80s ON 8 (Channel 8): The first few channels on the SiriusXM dial are dedicated to a specific decade of music. If you noticed a pattern, my nostalgia is in the 1980s, during my high school and college years. While I love listening to specific genres focused on that decade, you can catch all of the hits of the 1980s with the occasional voices of Nina Blackwood, Mark Goodman and Alan Hunter – all former MTV air talent. Their recounting of the Billboard Top 40 of a specific date in the decade is a definite listen every weekend.
BBC WORLD SERVICE (Channel 120): Not all of SiriusXM's programming are produced by the channel. Plenty of stations are fed from various sources, including the BBC. This is not just a canned and packaged version of the World Service found on public radio. This is actual broadcast from the UK set to Eastern Time to Greenwich Mean Time. I like my news and information on much more fairer level – though some would debate this. So, this is my source for factual programming.
MLB NETWORK RADIO (XM Channel 89/Sirius Channel 209): Before the merger, Major League Baseball's radio programming was exclusive to XM and not Sirius. This is why you see two different channels, depending on the actual receiver you use. Other than that, you get a mix of simulcasting from the television channel of the same name, native radio programming, and some live games. I'm still a baseball fan, so I'll listen here for news and if the game is worth listening to.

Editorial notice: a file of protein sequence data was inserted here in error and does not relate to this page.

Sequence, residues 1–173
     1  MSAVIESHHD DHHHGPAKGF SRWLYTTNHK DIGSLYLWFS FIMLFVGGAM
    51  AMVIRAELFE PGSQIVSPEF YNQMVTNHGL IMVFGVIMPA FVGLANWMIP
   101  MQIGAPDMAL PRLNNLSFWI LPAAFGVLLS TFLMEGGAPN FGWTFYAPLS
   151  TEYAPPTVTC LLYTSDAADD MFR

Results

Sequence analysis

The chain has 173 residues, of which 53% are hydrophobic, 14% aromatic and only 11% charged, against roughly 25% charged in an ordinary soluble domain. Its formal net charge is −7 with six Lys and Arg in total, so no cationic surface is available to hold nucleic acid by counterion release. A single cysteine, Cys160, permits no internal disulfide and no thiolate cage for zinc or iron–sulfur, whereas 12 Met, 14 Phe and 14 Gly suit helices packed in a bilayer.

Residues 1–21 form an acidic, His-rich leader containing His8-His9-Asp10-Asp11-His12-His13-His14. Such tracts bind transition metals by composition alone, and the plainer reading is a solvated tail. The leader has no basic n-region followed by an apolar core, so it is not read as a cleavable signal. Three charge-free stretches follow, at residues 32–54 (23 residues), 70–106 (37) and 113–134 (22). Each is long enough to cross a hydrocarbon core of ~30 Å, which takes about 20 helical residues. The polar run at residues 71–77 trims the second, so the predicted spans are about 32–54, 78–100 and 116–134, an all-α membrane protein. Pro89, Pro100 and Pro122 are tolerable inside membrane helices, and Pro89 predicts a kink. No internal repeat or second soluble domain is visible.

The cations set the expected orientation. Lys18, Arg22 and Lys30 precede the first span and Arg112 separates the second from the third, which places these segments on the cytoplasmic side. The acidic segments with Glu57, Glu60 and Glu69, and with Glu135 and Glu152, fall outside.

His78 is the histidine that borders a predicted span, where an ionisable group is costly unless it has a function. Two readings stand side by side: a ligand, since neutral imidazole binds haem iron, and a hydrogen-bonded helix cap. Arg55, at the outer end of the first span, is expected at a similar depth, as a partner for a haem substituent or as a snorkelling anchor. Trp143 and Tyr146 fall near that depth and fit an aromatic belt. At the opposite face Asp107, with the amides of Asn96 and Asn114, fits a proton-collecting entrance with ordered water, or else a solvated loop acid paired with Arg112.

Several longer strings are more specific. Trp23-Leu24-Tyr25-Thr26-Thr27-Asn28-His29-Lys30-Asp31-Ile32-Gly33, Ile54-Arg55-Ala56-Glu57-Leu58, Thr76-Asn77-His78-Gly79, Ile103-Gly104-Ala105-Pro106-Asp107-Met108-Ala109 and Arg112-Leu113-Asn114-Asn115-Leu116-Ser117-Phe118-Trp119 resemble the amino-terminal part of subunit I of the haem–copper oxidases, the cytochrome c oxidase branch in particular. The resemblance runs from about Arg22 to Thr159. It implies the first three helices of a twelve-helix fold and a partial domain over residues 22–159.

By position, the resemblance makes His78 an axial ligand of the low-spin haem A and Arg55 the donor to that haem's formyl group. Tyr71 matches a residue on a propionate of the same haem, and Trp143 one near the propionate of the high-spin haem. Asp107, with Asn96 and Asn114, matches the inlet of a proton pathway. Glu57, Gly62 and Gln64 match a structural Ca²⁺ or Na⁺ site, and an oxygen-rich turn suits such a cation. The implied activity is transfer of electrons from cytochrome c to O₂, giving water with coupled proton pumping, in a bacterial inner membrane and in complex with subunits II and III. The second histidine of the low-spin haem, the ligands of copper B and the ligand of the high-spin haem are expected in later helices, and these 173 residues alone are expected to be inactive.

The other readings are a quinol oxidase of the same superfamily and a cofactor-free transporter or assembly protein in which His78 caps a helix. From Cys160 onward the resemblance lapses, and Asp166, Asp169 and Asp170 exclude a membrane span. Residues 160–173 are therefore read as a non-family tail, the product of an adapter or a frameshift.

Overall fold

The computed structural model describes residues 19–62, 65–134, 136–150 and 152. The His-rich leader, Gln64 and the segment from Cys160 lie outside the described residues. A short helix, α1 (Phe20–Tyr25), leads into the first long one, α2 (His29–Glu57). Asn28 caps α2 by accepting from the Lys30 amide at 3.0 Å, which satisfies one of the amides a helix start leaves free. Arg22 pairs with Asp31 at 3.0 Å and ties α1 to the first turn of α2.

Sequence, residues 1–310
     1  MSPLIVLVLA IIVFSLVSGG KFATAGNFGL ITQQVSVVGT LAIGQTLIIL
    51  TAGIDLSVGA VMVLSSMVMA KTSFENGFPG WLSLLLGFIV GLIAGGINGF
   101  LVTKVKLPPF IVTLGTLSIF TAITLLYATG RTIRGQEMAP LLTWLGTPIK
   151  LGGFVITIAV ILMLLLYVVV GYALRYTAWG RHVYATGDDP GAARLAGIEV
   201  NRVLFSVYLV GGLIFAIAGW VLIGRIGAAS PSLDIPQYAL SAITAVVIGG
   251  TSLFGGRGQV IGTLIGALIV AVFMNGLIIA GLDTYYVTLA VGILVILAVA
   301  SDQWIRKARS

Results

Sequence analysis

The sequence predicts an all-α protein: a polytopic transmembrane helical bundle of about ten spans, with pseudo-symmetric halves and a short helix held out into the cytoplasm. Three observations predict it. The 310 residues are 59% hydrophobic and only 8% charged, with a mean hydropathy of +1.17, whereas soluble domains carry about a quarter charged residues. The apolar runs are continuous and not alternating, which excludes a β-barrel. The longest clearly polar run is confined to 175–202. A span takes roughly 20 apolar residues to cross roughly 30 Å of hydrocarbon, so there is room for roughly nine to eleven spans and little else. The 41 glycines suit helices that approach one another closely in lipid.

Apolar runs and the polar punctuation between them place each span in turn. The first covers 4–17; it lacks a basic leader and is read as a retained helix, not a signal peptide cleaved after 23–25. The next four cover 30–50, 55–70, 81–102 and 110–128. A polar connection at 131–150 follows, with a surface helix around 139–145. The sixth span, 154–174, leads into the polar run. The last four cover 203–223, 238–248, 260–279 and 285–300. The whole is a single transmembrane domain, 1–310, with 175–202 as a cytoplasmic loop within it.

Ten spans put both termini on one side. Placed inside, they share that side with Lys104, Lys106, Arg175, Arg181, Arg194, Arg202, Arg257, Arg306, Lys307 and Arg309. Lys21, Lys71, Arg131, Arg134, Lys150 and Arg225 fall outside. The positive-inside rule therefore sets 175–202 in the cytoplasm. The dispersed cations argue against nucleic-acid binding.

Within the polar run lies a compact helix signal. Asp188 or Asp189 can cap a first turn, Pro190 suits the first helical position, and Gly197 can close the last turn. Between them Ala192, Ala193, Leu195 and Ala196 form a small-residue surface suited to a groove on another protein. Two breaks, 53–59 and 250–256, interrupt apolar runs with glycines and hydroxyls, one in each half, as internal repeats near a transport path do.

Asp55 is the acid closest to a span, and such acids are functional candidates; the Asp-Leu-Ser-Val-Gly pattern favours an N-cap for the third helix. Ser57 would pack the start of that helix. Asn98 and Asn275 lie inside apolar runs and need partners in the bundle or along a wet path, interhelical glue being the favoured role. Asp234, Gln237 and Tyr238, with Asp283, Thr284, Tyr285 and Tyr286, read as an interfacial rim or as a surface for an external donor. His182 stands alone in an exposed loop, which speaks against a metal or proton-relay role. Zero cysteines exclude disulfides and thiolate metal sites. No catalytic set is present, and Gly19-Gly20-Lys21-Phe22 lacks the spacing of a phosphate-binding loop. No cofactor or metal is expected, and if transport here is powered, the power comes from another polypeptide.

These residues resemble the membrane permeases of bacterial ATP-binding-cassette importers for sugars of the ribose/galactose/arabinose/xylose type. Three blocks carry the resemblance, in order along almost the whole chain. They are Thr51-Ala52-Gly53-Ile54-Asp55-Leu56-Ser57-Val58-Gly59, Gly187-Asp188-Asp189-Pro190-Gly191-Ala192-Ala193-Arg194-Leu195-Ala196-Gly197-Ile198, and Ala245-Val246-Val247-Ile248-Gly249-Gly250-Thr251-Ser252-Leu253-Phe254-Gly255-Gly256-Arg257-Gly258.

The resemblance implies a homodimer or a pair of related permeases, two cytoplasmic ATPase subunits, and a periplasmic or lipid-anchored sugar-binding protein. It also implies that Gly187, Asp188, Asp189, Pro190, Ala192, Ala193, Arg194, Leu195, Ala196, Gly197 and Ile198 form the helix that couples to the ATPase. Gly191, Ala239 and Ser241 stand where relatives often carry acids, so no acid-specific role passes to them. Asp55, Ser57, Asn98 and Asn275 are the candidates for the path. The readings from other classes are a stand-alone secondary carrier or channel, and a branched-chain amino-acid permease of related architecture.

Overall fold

It appears that I only listen to "oldies" music, British presenters and want to laugh my butt off at highway speeds. The one thing I will always commend SiriusXM for doing is to present broadcast programming that is not found through local terrestrial radio. While iHeartRadio and Radio.com attempt to replicate these niche programs using their assets and through viral delivery, they still fall short on the level that SiriusXM has executed since its first satellite transmission in2001.
Does it pay to have SiriusXM? I say so. If you want a wider variety of programming and delivered to your automobile or mobile app, then subscribe. Otherwise, you can only listen to what is delivered for free and wonder whether there is a comedy channel out there in the town you are driving through.